4. With regard to the first point it can not now be disputed in view of the decision of the Judicial Committee of the Privy Council in the case of Rani Hemanta Kumari Debi v. Midnapur Zamindary Co. A.I.R. 1919 P.C. 79 that the solehnama should have been registered in order to be effective as a lease, It is pointed out by their Lordships of the Judicial Committee in that case that a lease comes within Clause (d), Section 17, Registration Act. Section 17, Sub-section (2), exempts only those instruments which come under Clauses (b) and (c) from registration provided they are incorporated in a decree. The Subordinate Judge was therefore right in excluding the solehnama from evidence and in not giving effect to it as a lease because it was not registered. At the same time the statement in the solehnama, namely that the lands did not appertain to the jama of Rs. 91, might be admitted in evidence as an admission made by the parties to the same. As such admission it would only be a piece of evidence and it would be open to the party who made the admission to show that it was made in circumstances which did not make the admission binding on him or her as the case may be. In other words it is open to the party making the admission to show that it was untrue in fact. Be that as it may the learned Subordinate Judge should have admitted the statement as an admission and considered the effect of that admission in relation to the matter in controversy in this case.
5. With regard to the second point taken, it appears to me clear that there has not been a proper finding in connexion with the point as to whether the evidence established that the suit lauds were included in the lease, Ex. B, which related to the jama of Rs. 91. The finding of the Subordinate Judge is that:
the appellant's pleader says that he has established by evidence that the lands of this suit are included in Ex. B, the lease at the rent of Rs. 101 from which a remission of Rs. 10 was obtained making the rent Rs. 91. The respondent's pleader says that he has not ascertained whether this has been proved or not, I therefore take it that he is not able to controvert that fact.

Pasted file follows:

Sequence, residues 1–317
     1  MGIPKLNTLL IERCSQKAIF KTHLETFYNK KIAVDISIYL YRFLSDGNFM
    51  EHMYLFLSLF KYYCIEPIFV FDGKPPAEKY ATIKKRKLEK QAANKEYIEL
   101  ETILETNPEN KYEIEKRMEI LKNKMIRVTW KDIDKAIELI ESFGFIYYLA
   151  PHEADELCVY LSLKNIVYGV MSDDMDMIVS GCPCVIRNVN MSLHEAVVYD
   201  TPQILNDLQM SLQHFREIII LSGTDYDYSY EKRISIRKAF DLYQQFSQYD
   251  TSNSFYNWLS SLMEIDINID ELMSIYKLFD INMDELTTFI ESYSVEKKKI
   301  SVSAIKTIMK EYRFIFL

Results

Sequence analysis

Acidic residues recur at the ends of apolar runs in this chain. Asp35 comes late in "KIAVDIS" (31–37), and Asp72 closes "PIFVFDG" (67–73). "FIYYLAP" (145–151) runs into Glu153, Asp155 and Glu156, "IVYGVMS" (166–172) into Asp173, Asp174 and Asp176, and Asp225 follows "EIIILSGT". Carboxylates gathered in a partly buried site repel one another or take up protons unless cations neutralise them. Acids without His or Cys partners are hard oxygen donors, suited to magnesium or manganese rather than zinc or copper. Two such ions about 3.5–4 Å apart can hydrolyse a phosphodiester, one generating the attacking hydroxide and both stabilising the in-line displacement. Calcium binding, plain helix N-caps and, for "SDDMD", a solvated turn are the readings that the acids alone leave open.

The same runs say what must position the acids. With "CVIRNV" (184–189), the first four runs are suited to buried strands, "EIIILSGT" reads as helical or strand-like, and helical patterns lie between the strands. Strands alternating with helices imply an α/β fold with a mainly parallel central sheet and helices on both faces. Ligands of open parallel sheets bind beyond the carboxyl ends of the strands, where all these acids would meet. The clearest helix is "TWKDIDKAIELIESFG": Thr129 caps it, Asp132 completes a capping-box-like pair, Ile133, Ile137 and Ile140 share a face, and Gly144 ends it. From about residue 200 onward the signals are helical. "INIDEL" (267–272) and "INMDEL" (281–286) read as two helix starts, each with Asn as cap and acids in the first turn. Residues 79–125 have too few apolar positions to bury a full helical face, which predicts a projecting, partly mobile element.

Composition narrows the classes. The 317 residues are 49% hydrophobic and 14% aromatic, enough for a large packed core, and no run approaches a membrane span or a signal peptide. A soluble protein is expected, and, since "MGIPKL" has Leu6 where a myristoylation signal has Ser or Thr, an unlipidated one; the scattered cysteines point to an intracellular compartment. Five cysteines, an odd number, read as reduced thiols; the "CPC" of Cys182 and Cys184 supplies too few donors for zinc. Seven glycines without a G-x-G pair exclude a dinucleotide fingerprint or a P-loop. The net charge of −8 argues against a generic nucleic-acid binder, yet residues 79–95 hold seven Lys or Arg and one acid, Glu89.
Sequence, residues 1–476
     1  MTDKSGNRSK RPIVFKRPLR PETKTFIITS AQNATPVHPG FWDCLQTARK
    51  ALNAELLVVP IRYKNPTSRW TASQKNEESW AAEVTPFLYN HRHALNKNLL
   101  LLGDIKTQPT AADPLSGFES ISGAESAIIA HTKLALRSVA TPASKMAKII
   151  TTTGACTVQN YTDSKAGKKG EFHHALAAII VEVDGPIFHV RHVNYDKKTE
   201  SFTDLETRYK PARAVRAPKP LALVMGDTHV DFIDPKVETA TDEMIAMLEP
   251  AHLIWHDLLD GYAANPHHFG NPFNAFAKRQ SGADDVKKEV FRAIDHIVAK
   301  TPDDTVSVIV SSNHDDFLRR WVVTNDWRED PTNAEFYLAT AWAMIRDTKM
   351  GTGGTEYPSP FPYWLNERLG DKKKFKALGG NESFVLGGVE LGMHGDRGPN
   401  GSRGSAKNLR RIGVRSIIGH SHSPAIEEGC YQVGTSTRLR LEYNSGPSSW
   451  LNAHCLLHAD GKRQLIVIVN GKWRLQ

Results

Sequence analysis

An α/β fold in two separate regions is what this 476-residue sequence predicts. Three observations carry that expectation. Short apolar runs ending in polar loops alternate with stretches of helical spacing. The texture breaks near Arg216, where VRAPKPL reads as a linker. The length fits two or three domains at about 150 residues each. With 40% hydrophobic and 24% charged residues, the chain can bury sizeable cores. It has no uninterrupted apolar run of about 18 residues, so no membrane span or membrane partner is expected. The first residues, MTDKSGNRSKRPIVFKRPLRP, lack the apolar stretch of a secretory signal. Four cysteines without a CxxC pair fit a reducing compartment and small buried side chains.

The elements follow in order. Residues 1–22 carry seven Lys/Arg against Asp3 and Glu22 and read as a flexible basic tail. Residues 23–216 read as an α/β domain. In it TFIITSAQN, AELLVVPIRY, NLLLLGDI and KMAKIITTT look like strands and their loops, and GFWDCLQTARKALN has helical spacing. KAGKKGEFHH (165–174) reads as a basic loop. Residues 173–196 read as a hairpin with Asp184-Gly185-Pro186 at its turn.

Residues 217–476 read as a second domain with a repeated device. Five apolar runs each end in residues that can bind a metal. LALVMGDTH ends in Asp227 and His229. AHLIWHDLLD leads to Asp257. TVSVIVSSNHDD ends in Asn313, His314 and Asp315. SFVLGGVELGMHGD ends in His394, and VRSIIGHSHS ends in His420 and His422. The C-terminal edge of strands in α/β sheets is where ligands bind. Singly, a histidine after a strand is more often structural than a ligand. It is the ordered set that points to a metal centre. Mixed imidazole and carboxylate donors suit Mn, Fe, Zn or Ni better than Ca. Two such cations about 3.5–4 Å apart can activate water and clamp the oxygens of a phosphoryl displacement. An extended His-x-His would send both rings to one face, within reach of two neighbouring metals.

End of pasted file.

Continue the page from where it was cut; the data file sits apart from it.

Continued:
6. This finding has been rightly criticised by the learned advocate for the appellant. The mere fait that the appellant's pleader said that he had established by evidence that the lands in suit were included in Ex. B and the mere fact that the respondent's pleader said that he had not ascertained whether it was included or not were not sufficient to justify the lower appellate Court in coming to the conclusion that the appellant's pleader's statement was justified on evidence. It was the duty of the lower appellate Court which was a final Court of fact to ascertain on the evidence as to whether the case of the appellant made before him was one which could be sustained on the evidence. He should have come to a conclusion on the evilence as to whether the disputed lands were included in Ex. B and in this connexion should have considered the effect of the admission made in the solenama. I think therefore that there has not been a proper trial of the appeal and that this defect in the procedure has affected the merits of the case so as to call for an interference of this Court under Section 100, Civil P.C.
7. The result is that the judgment and decree of the lower appellate Court must be set aside and the case must be sent back to that Court in order that it may rehear the appeal in the light of the observations which I have just made. If on an examination of the evidence the Subordinate Judge comes to the conclusion that the lands in suit were included in Ex. B he must dismiss the plaintiff's suit. If on the other hand he comes to the conclusion that they are not included in Ex. B then he will proceed to determine whether the plaintiff is not entitled to damages for use and occupation of the disputed lands and for this purpose he will give an opportunity to the plaintiff to amend his plaint so as to include a relief in the plaint claiming damages for use and occupation. The leave to amend will be given subject to this that the plaintiff pays to the defendant all costs which he has incurred in the Court of first instance and in the lower appellate Court. If circumstances arise which would necessitate an investigation into the question of damages for use and occupation the Subordinate Judge will proceed to give the leave on the condition I have mentioned.
8. There will be no order as to costs of this Court.